805.09 Annotation The trial court's order to bifurcate the issues of liability and damages and to try the separate issues before separate juries contravened s. 805.05 (2) and cannot be reconciled with the requirement of sub. (2) that the same five-sixths of the jury must agree on all questions necessary to sustain a verdict. Waters v. Pertzborn, 2001 WI 62, 243 Wis. 2d 703, 627 N.W.2d 497, 99-1702.
805.10 805.10 Examination of witnesses; arguments. Unless the judge otherwise orders, not more than one attorney for each side shall examine or cross-examine a witness and not more than 2 attorneys on each side shall sum up to the jury. The plaintiff shall be entitled to the opening and final rebuttal arguments. Plaintiff's rebuttal shall be limited to matters raised by any adverse party in argument. Waiver of argument by either party shall not preclude the adverse party from making any argument which the adverse party would otherwise have been entitled to make. Before the argument is begun, the court may limit the time for argument.
805.10 History History: Sup. Ct. Order, 67 Wis. 2d 585, 701 (1975); 1975 c. 218.
805.10 Annotation An attorney's concession during closing argument that his client was negligent could not be construed as a binding admission. Kuzmic v. Kreutzmann, 100 Wis. 2d 48, 301 N.W.2d 266 (Ct. App. 1980).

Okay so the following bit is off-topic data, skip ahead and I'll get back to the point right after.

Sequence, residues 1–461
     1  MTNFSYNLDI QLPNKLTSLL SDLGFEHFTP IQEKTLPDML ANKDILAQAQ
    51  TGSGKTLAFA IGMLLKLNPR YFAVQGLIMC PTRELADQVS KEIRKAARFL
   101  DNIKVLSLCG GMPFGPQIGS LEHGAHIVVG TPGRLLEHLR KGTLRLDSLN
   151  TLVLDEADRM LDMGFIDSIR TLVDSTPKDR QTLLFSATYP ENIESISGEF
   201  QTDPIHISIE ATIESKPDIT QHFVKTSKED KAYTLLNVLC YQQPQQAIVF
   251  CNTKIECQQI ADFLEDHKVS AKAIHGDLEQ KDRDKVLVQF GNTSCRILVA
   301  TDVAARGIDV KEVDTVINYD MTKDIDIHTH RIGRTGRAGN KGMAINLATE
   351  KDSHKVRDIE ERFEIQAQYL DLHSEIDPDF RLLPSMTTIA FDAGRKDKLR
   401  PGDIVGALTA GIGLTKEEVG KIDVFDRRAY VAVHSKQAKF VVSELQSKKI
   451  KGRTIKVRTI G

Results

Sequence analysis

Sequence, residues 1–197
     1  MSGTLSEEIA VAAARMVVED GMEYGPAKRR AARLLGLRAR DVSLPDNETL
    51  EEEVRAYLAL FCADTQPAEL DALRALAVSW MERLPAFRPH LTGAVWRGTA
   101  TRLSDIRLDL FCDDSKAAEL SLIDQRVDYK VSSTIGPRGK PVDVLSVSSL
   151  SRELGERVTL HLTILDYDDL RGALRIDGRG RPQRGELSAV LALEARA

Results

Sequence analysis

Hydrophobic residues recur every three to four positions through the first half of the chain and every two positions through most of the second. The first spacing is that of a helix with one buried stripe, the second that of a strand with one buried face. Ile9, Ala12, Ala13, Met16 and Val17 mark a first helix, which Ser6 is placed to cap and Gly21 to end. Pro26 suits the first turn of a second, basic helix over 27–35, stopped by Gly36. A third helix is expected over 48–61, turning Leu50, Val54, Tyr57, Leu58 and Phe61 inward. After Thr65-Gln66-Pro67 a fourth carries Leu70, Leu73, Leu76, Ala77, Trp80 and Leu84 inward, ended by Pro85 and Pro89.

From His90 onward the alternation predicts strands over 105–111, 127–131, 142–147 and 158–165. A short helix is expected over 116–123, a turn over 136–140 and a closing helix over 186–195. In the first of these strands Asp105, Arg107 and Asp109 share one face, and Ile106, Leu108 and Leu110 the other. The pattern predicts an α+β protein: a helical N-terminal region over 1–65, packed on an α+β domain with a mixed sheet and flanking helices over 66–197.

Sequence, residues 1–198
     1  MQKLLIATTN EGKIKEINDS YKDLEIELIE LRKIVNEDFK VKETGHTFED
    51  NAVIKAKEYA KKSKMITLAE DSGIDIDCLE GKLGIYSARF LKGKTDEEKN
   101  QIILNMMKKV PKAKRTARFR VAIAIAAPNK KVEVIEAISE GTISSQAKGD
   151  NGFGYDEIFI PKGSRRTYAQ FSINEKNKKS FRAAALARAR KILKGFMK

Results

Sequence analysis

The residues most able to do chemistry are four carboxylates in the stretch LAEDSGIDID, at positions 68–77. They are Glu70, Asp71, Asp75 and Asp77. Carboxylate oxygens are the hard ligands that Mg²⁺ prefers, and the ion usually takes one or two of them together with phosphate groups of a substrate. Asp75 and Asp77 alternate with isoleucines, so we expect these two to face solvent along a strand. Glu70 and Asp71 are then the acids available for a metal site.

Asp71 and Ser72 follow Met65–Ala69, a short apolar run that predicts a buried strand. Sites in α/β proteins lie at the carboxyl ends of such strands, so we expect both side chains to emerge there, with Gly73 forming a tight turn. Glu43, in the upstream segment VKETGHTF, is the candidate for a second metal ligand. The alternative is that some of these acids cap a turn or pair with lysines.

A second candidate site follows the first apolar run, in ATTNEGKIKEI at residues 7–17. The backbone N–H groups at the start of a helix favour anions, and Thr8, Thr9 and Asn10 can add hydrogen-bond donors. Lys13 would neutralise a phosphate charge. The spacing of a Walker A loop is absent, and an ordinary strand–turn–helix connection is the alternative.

805.10 Annotation This section authorizes judges to allow more than 2 attorneys on each side to sum up to the jury, but a judge may not limit to fewer than 2 the number of attorneys arguing on each side. In Interest of C.E.W. 124 Wis. 2d 47, 368 N.W.2d 47 (1985).
805.11 805.11 Objections; exceptions.
805.11(1)(1)Any party who has fair opportunity to object before a ruling or order is made must do so in order to avoid waiving error. An objection is not necessary after a ruling or order is made.
805.11(2) (2)A party raising an objection must specify the grounds on which the party predicates the objection or claim of error.
805.11(3) (3)Exceptions shall never be made.
805.11(4) (4)Evidentiary objections are governed by s. 901.03.
805.11 History History: Sup. Ct. Order, 67 Wis. 2d 585, 701 (1975); 1975 c. 218.
805.12 805.12 Special verdicts.
805.12(1)(1)Use. Unless it orders otherwise, the court shall direct the jury to return a special verdict. The verdict shall be prepared by the court in the form of written questions relating only to material issues of ultimate fact and admitting a direct answer. The jury shall answer in writing. In cases founded upon negligence, the court need not submit separately any particular respect in which the party was allegedly negligent. The court may also direct the jury to find upon particular questions of fact.
805.12(2) (2)Omitted issue. When some material issue of ultimate fact not brought to the attention of the trial court but essential to sustain the judgment is omitted from the verdict, the issue shall be deemed determined by the court in conformity with its judgment and the failure to request a finding by the jury on the issue shall be deemed a waiver of jury trial on that issue.
805.12(3) (3)Clerk's entries after verdict. Upon receiving a verdict, the clerk shall make an entry on the minutes specifying the time the verdict was received and the court's order setting time for motions after verdict under s. 805.16. The verdict and special findings shall be filed.